The United States is sitting on a vast, untapped economic development tool that has received too little notice: our children.
Investing in children before they enter school pays dividends, and yet child care subsidies are at risk as Congress mulls questions about how to reduce the federal deficit. Before you tune this out as the same old "it's for the kids" chorus, consider:
--Children in high-quality programs are more likely to be employed -- and paying taxes -- when they reach adulthood.
--Parents who receive child care subsidies are less likely to need other forms of public assistance. A 2006 report by the Department of Health and Human Services noted that the subsidies are associated with the largest increase in employment for people formerly on welfare.
--Children who receive high-quality care, either at home or outside, are ready to succeed in school, showing a reduced need for special education programs and increased graduation rates.
--Bad child care is more likely to produce juvenile criminals. A Chicago study showed that at-risk children not enrolled in early care and education programs were 70 percent more likely to be charged with a violent crime by age 18.
This last point prompted more than 600 police chiefs, sheriffs and prosecutors -- calling themselves Fight Crime: Invest in Kids -- to write to Congress this spring, urging continued funding for Child Care Development and Block Grants. The grants are the federal government's primary child care assistance to states.
Despite a sizable budget -- $19 billion in federal and state spending in 2008 -- child care subsidies have never kept up with the need. Only a fraction of eligible families received any subsidy that year, according to the Urban Institute; most were stuck on long waiting lists.
In February, Republicans in the House proposed cutting the child care block grants by $39 million. That didn't happen, but the funding is still at risk. In the name of deficit reduction, Budget Committee Chairman Paul Ryan's (R-Wis.) plan for 2012 would reduce spending to 2008 levels. Democrats say that would cause 170,000 families trying to find or keep jobs to lose child care.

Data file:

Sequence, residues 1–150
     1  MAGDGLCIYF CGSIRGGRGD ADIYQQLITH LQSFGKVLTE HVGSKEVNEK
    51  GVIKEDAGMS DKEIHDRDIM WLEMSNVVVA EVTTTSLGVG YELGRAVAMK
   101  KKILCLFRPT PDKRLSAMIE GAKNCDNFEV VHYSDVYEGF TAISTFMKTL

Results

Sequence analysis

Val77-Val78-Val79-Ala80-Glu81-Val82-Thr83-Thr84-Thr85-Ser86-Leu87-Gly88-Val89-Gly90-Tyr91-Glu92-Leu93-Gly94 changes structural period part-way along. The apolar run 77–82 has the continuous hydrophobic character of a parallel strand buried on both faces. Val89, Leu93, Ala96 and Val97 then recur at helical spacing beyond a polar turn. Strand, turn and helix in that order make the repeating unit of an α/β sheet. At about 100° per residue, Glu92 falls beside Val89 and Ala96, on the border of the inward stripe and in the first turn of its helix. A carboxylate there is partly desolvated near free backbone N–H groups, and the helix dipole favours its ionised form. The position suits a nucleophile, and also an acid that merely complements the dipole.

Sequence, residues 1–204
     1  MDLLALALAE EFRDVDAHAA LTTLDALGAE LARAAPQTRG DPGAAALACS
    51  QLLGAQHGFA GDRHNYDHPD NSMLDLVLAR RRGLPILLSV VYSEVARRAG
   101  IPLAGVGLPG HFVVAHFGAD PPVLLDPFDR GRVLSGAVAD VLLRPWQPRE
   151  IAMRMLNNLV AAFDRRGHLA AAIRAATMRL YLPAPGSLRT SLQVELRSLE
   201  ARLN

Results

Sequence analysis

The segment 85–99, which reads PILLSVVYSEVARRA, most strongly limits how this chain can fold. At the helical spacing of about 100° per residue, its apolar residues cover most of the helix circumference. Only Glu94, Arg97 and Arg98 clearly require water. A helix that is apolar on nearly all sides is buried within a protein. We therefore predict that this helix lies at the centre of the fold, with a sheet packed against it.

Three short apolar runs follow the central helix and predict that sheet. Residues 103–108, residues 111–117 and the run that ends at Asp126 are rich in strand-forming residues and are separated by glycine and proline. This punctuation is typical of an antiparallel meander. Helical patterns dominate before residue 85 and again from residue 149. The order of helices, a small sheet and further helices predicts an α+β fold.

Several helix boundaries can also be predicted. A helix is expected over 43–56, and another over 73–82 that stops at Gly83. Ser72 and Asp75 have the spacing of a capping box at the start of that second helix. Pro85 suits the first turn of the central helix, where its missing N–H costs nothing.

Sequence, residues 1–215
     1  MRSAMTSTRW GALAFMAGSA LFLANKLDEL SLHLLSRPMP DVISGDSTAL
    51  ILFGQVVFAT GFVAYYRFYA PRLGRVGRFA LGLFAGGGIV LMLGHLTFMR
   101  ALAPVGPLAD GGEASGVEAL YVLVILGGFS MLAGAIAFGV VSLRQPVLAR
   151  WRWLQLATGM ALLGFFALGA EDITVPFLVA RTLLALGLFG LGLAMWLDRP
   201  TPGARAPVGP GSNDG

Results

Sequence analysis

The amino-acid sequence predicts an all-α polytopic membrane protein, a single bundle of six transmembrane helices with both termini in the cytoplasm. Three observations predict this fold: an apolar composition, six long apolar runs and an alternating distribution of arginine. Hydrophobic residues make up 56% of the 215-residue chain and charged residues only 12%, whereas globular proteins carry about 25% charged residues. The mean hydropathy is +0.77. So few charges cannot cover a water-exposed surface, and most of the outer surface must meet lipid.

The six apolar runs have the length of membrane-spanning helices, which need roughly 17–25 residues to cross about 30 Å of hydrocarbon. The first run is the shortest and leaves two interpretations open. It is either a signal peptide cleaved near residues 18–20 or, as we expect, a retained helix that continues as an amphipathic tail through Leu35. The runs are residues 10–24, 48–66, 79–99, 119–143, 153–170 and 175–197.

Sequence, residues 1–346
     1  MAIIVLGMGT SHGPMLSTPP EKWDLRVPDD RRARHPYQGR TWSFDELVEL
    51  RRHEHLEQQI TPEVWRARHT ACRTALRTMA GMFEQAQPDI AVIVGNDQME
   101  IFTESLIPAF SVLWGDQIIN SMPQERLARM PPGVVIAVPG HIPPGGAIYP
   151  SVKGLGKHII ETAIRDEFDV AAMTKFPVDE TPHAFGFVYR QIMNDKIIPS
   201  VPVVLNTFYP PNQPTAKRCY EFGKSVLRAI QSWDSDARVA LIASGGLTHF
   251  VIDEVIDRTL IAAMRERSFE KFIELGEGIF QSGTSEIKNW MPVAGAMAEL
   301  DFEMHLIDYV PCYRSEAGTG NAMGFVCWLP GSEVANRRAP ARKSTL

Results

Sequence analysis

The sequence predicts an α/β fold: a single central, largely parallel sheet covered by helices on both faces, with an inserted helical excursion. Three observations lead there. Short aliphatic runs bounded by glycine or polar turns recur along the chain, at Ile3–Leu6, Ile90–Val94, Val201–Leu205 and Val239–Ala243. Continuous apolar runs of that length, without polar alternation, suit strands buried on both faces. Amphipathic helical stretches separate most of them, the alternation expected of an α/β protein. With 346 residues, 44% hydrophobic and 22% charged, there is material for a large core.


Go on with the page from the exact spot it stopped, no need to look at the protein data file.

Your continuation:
To be sure, we must get federal spending under control. But it's fair to ask our leaders to responsibly weigh the value of programs they want to cut.
Child care costs are mind-boggling. A survey by the National Association of Child Care Resource & Referral Agencies found that, in every region of the United States, the average child care fees for an infant were higher than the average amount that families spend on food. In New York, infant care at a center averages $13,630 a year.
One culprit in underfunding child care is the culture war. Often, those who believe that a parent -- a mom -- should stay home and raise children oppose child-care subsidies. But given modern economic realities, parents will work. Seventy percent of mothers with young children are employed outside the home. And census officials are predicting a boom in the number of single mothers on Long Island, as figures are released this week.
Besides, 50 years of research has found that children of working parents don't turn out to be much different from those with stay-at-home parents, at least when it comes to academic achievement and behavior. That's according to an analysis published in January in the journal Psychological Bulletin, which examined 69 child care studies conducted between 1960 and March 2010.
It's the decent thing to do to help families get on their feet and stay there, not to mention to raise a generation of kids who are prepared for success. But if decency isn't persuasive, think of all the money we'll save on special ed, public assistance and juvenile incarceration.